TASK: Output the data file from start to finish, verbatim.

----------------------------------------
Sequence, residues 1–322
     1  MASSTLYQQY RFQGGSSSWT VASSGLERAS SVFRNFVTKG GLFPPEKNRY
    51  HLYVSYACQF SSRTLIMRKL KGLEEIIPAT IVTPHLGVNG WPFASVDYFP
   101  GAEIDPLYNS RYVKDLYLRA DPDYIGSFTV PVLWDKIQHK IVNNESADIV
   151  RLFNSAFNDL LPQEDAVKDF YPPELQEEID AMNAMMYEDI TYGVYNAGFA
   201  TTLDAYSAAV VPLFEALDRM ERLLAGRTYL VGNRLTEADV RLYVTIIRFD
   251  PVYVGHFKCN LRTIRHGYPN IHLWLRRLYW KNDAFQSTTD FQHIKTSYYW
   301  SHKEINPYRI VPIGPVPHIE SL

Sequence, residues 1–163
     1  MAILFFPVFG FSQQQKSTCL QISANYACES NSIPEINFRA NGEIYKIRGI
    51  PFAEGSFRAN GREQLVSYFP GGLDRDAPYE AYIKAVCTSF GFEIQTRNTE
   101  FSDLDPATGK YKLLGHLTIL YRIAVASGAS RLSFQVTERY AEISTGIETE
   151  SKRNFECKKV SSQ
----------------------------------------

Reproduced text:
Sequence, residues 1–322
     1  MASSTLYQQY RFQGGSSSWT VASSGLERAS SVFRNFVTKG GLFPPEKNRY
    51  HLYVSYACQF SSRTLIMRKL KGLEEIIPAT IVTPHLGVNG WPFASVDYFP
   101  GAEIDPLYNS RYVKDLYLRA DPDYIGSFTV PVLWDKIQHK IVNNESADIV
   151  RLFNSAFNDL LPQEDAVKDF YPPELQEEID AMNAMMYEDI TYGVYNAGFA
   201  TTLDAYSAAV VPLFEALDRM ERLLAGRTYL VGNRLTEADV RLYVTIIRFD
   251  PVYVGHFKCN LRTIRHGYPN IHLWLRRLYW KNDAFQSTTD FQHIKTSYYW
   301  SHKEINPYRI VPIGPVPHIE SL

Sequence, residues 1–163
     1  MAILFFPVFG FSQQQKSTCL QISANYACES NSIPEINFRA NGEIYKIRGI
    51  PFAEGSFRAN GREQLVSYFP GGLDRDAPYE AYIKAVCTSF GFEIQTRNTE
   101  FSDLDPATGK YKLLGHLTIL YRIAVASGAS RLSFQVTERY AEISTGIETE
   151  SKRNFECKKV SSQ